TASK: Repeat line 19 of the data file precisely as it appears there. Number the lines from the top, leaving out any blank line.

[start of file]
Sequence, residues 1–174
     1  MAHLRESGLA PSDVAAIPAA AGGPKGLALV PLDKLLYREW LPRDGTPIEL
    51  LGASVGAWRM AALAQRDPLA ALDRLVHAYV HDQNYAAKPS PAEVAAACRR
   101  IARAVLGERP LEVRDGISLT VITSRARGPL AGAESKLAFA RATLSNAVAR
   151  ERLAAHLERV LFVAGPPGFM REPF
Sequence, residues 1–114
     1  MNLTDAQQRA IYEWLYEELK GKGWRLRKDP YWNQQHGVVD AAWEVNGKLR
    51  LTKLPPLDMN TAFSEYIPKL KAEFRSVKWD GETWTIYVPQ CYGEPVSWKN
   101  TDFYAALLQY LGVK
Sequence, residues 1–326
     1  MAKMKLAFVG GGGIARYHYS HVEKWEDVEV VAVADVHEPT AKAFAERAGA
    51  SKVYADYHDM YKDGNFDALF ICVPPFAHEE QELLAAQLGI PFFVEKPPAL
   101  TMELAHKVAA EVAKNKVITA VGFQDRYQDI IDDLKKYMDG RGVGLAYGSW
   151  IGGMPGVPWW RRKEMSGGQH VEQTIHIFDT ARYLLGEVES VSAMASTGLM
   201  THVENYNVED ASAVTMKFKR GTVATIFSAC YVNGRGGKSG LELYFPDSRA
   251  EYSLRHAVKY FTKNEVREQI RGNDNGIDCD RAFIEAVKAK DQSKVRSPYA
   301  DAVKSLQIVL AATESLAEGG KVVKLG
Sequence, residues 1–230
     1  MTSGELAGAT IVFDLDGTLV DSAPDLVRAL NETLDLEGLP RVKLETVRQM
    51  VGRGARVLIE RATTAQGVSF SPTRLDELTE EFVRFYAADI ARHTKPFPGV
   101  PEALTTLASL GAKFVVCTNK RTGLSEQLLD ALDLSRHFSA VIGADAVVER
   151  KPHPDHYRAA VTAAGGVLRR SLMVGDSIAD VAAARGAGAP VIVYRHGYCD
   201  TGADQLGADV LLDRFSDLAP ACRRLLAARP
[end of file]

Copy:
     1  MTSGELAGAT IVFDLDGTLV DSAPDLVRAL NETLDLEGLP RVKLETVRQM